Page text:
The report does make several recommendations, including that lawmakers should consider allowing for major party candidates for governor to make transition plans during their campaigns.
It also recommends legislation specifically stating gubernatorial transition employees are state workers. Under current law, the report says it's not clear all the transition's employees were in fact state workers.
The document comes several hours after the latest legislative hearing, at which lawmakers pronounced their amazement that it's still unclear who hired Alvarez, and after Murphy announced expanded ethics guidelines. Those guidelines will now cover applicants as well as state employees, among other changes.
In a statement, Brennan's attorney expressed disappointment the administration is not addressing her lawsuit's concerns about a policy requirement that accusers and the accused not disclose details of their cases.
"Requiring survivors to keep their complaints confidential is a gross violation of their constitutional and statutory rights," attorney Katy McClure said.
"When this matter was first brought to my attention in October, I ordered a full investigation to determine what happened and to strengthen the system for survivors of sexual assault moving forward. Sexual misconduct in any form is intolerable and must be treated by this Administration and every organization with the utmost gravity.
“With former Supreme Court Justice Verniero’s report, we now have more information about how decisions were made and the role current policy and procedures played in those decisions. The report contains hard truths that my Administration must fully accept and also highlights structural issues with gubernatorial transitions that merit reform. I agree with all the corrective actions Justice Verniero recommends, and I will work collaboratively with the Legislature and others to ensure their adoption.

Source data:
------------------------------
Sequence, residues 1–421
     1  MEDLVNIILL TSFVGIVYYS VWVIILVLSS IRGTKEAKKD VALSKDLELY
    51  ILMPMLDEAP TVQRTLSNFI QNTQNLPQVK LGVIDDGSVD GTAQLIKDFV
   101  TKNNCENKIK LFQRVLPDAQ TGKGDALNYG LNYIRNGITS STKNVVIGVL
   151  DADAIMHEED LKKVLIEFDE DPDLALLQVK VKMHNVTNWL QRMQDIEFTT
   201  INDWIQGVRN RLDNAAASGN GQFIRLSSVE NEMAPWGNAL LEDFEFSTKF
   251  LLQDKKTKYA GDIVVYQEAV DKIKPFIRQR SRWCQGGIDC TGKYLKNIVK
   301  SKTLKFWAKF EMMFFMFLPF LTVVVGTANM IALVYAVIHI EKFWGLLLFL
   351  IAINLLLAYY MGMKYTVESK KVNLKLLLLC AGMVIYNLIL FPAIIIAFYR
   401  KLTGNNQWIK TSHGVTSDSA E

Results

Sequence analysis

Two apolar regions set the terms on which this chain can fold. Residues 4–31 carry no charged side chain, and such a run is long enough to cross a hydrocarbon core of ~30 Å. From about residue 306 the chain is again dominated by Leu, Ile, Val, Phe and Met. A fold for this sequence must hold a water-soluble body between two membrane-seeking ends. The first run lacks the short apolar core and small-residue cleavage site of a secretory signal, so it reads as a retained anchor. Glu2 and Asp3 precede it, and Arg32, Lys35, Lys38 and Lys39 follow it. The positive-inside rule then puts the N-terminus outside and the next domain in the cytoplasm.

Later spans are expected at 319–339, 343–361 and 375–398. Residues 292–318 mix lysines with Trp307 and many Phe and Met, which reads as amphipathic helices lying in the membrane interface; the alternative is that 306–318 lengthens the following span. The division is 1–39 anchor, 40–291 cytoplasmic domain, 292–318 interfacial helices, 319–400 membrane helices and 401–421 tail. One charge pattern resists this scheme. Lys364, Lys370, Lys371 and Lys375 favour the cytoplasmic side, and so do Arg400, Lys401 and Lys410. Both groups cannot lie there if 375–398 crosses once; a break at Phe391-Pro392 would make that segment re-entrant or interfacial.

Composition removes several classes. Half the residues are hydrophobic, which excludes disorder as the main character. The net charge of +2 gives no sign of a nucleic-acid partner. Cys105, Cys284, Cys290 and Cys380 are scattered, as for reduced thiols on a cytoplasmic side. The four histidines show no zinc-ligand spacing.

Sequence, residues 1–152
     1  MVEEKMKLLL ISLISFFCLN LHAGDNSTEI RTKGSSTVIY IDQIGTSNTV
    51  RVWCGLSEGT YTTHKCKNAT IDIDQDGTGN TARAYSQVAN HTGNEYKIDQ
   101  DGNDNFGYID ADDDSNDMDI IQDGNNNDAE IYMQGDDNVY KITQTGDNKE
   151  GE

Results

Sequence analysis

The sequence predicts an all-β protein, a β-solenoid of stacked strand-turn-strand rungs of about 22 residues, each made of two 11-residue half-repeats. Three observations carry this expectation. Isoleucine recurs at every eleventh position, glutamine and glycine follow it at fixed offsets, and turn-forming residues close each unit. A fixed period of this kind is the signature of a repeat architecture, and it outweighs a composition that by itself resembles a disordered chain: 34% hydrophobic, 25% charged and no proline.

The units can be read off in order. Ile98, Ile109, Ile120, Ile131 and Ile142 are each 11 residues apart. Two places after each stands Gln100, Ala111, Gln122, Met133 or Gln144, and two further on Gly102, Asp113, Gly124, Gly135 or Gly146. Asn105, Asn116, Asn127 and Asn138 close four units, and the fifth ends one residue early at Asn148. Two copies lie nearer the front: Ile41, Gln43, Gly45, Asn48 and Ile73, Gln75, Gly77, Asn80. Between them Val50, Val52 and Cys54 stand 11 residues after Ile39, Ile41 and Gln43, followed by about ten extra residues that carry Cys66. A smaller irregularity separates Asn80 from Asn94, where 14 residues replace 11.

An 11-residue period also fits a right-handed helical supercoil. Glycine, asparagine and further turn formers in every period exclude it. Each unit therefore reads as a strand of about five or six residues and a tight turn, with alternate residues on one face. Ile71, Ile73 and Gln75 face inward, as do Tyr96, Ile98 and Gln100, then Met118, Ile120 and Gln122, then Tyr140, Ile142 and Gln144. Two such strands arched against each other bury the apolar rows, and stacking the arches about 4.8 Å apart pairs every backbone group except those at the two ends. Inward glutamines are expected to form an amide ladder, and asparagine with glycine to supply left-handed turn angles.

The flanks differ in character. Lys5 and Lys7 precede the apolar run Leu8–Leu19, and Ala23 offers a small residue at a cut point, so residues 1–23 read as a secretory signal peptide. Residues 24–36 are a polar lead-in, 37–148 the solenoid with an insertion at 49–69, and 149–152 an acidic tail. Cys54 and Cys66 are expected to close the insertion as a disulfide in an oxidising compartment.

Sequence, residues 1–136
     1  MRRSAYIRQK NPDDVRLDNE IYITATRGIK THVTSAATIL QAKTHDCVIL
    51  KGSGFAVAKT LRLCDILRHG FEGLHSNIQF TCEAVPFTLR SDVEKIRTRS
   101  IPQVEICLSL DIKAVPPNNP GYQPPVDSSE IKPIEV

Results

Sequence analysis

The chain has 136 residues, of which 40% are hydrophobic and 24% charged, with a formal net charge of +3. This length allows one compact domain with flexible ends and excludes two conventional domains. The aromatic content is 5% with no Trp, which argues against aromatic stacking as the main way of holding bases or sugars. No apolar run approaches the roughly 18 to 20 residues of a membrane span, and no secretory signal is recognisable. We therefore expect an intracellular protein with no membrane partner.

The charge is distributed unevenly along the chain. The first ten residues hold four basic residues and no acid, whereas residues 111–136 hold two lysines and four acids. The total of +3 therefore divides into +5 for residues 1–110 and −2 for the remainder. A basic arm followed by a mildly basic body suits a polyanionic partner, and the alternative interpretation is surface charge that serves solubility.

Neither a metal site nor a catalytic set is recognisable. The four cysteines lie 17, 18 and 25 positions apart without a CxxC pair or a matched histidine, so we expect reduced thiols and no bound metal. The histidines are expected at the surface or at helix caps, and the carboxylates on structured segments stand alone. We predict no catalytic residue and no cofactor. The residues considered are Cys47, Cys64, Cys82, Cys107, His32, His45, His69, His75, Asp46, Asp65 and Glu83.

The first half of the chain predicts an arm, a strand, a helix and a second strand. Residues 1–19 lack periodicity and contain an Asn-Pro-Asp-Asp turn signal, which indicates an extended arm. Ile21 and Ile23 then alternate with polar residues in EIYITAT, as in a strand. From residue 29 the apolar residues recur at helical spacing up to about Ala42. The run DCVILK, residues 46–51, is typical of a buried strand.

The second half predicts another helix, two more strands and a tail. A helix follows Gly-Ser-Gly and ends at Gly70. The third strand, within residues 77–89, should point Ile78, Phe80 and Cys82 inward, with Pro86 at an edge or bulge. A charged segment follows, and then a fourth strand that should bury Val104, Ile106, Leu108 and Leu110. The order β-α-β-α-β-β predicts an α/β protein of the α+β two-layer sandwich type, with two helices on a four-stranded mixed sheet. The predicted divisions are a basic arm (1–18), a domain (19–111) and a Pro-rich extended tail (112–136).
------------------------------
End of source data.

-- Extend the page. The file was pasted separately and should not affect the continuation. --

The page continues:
“Knowing what I know now, I wish I was informed earlier by my team about Ms. Brennan’s allegations. As members of my staff have previously testified, they regret not telling me sooner as well. I fully respect the determinations made by two separate law enforcement entities regarding Mr. Alvarez, but once the decision was made to separate him from state government, it should have had been handled more swiftly and decisively.
“From the beginning, my Administration has cooperated fully in every conceivable way, both with Justice Verniero and the New Jersey Legislature’s Joint Legislative Select Oversight Committee. We have openly facilitated access to our senior staff and team and voluntarily shared internal communications and documents in response to every request made by the Legislature. There have been seven full days of hearings, including 13 witnesses and over 40 hours of fact witness testimony.
“We must now all commit to the recommendations outlined by Justice Verniero, Attorney General Grewal, and Director Patel. I also look forward to reviewing the recommendations set forth by the Legislature’s Joint Oversight Committee. Although we cannot turn back the clock, we must endeavor to make New Jersey a better place for survivors of sexual assault, and do everything we can to ensure their voices are heard as they seek justice.”